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Konzo Associated with War in Mozambique

Summary of published paper

Konzo (also known as cassava poisoning) is a medical condition associated with eating insufficiently processed cassava. This condition affects the central nervous system. Outbreaks of Konzo have been reported in a number of situations where populations have been extremely food insecure and have not been able to wait until their cassava crop has fully ripened before consuming it. Unripe cassava can contain high levels of cyanogenic glucosides which cause the symptoms of Konzo.

A group of investigators have recently published a paper reporting their findings on a Konzo epidemic in Mongicual district in Mozambique in 1993. Fighting was particularly severe in the district in the months before the peace accord which was signed in late 1992, as both sides fought to capture the maximum territory possible. The research team found that the prevalence rate in the badly affected area was 30/1000. Three hundred and eighty four patients were treated in rehabilitation centres. Most of the patients were children over 3 and women. Patients complained of difficulty in seeing, hearing and talking.
Many had increased upper limb reflexes. All complained of difficulty in walking and of those who could walk many had a spastic gait. Some also had diminished sensitivity to light touch and pinpricks. Agriculture in Mogincual is based on small family holdings with cassava as the main food crop. There is normally a two year period between cassava planting (August to October) and harvesting. Women process harvested cassava by sun-drying for 1-3 weeks and then store it in house attics for use throughout the year.
During the war most people fled from the rural areas. For those who stayed agriculture was severely disrupted as farmers could not spend long in their fields and monkeys managed to decimate crops. Bitter cassava production increased and new varieties were introduced. These types of cassava were favoured by farmers as they were more productive, had a short reproductive cycle and were resistant to predation by monkeys and wild pigs.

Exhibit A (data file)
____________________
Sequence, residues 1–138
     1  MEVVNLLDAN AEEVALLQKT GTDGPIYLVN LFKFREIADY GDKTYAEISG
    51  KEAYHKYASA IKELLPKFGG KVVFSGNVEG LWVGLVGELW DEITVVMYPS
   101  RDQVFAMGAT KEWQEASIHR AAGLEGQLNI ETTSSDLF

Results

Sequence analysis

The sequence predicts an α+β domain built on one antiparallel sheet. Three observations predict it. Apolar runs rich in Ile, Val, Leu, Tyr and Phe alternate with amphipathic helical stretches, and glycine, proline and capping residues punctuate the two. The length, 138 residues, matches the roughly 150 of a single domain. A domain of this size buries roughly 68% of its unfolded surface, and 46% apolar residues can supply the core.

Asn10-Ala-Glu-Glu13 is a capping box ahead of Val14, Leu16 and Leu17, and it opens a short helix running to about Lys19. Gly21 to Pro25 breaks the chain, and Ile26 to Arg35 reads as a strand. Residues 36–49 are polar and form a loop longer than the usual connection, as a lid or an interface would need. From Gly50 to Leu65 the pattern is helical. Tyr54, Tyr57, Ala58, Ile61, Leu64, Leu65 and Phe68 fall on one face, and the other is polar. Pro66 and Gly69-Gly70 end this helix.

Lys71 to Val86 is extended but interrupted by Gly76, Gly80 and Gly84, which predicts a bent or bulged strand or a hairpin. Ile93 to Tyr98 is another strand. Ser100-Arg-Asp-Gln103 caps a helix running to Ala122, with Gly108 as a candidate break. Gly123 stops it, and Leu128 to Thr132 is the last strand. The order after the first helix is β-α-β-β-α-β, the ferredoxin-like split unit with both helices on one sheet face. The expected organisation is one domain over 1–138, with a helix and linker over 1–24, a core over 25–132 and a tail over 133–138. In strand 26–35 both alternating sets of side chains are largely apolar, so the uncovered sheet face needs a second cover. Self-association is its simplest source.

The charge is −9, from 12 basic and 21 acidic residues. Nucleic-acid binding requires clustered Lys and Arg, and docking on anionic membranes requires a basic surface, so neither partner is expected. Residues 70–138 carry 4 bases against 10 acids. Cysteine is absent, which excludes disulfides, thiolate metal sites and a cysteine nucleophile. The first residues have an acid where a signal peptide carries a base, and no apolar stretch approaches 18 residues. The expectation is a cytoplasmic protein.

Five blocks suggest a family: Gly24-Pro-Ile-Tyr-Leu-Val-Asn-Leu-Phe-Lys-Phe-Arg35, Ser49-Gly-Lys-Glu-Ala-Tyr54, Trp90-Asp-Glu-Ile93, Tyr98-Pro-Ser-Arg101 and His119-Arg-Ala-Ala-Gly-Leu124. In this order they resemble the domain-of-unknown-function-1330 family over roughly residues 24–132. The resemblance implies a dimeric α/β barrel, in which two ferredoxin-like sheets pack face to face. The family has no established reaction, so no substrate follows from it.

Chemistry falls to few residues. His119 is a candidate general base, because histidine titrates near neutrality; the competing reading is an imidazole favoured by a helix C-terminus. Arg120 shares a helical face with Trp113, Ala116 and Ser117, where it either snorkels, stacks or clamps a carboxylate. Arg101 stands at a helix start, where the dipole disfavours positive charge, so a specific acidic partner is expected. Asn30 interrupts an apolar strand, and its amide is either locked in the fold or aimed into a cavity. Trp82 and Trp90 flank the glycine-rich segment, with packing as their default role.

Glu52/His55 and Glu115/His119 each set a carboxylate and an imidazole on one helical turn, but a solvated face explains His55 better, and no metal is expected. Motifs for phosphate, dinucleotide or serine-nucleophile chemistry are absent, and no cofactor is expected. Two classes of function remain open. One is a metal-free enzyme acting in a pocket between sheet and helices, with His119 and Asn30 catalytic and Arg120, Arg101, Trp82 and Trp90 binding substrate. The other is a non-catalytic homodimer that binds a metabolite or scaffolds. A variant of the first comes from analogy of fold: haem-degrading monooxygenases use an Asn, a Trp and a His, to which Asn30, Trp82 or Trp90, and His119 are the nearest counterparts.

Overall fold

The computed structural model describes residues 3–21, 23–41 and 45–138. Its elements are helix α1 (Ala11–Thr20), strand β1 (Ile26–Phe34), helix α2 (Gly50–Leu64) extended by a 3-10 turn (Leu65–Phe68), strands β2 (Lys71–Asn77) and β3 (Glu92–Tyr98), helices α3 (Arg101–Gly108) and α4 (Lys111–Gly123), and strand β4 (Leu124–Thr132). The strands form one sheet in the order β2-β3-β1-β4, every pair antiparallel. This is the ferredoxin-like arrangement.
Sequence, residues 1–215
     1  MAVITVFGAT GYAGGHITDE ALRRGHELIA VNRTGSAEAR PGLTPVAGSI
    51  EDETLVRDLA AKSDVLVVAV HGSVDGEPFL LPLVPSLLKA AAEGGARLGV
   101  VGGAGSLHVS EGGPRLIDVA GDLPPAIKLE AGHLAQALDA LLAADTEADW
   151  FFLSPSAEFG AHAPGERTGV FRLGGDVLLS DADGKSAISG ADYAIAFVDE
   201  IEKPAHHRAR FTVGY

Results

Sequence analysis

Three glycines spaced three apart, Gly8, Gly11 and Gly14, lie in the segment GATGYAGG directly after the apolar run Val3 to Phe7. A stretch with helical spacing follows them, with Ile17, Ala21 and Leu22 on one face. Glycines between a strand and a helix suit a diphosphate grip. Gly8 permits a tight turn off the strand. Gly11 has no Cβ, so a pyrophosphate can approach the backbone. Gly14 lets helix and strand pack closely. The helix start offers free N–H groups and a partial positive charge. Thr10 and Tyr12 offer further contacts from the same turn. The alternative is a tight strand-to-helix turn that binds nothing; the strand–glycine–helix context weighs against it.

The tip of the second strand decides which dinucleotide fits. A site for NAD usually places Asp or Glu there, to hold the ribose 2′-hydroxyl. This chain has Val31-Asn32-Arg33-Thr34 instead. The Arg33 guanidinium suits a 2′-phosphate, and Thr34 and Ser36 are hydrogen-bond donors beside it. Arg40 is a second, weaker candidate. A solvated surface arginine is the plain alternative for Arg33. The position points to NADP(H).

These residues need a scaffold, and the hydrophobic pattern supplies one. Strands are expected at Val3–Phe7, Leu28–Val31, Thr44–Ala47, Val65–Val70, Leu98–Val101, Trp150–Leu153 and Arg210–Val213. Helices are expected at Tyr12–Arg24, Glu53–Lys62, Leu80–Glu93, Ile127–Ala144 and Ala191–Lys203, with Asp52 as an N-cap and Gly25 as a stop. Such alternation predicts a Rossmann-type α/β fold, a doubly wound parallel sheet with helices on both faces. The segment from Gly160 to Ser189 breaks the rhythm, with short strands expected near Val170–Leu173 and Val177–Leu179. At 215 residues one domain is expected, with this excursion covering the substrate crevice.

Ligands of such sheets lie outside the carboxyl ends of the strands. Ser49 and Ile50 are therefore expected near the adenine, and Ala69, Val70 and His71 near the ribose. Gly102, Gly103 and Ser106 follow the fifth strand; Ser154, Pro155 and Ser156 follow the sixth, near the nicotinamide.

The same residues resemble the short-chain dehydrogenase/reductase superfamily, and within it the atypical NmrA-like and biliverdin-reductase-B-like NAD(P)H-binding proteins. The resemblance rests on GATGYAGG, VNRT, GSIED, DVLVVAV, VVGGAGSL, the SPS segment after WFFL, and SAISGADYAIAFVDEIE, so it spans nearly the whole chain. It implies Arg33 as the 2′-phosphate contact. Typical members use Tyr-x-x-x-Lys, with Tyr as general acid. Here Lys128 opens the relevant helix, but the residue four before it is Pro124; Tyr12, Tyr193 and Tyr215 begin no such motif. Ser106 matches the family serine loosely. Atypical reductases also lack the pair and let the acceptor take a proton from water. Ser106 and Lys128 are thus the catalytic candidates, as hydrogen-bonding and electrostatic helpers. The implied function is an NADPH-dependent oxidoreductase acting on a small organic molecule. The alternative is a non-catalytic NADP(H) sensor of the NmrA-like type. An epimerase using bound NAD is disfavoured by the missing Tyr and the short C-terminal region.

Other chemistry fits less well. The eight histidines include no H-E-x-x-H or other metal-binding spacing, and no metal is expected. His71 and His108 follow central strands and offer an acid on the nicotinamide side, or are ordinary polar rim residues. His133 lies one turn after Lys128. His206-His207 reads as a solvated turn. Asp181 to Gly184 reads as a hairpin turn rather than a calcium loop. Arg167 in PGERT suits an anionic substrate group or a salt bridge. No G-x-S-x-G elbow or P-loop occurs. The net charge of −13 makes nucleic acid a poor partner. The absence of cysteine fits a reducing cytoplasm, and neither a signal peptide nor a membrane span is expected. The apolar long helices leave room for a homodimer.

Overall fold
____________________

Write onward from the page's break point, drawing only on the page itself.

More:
In 1992, returnees could only plant cassava when they returned home after October. As seed and tools were either non-existent or handed out too late they could not plant other crops. In 1993, they therefore had to harvest cassava earlier than usual and shorten its processing. They often used rapid sun-drying where the tuber is peeled, pounded, dried in the sun for a few hours, pounded into flour and then eaten on the same day. Owing to the on-going war, communities turned to bitter cassava as their staple and took shortcuts in the processing. When the war ended they continued to depend on inadequately processed bitter cassava. The Konzo epidemic lasted 2 years, the last year of the war and the first of peace, with peaks each year during the cassava harvest.

Conclusion

Earlier Konzo epidemics in Mozambique were associated with drought-provoked agricultural crises. This time war was the cause of the agricultural crisis rendering the population dependent on a diet of insufficiently processed bitter cassava. The food shortages forced families to eat bitter cassava after only one day of sun-drying, a method that probably does not adequately lower cyanohydrin concentrations. Increased use of cassava as a staple in war has been reported from other countries such as Vietnam and Rwanda. Although this is the only documented Konzo epidemic associated with war, anecdotal reports suggest that such epidemics have also occurred in Angola and Uganda.

Reference

Cliff. et al (1998): Konzo associated with War in Mozambique: Tropical Medicine and International Health, Vol. 2, No 11, pp 1068-1074

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Reference this page

Konzo Associated with War in Mozambique. Field Exchange 5, October 1998. p6. www.ennonline.net/fex/5/konzo